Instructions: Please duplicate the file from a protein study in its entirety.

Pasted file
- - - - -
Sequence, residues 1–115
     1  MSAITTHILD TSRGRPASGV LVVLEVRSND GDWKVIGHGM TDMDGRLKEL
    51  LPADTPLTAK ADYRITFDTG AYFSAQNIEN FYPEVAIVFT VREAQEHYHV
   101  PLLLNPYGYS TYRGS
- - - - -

Sequence, residues 1–115
     1  MSAITTHILD TSRGRPASGV LVVLEVRSND GDWKVIGHGM TDMDGRLKEL
    51  LPADTPLTAK ADYRITFDTG AYFSAQNIEN FYPEVAIVFT VREAQEHYHV
   101  PLLLNPYGYS TYRGS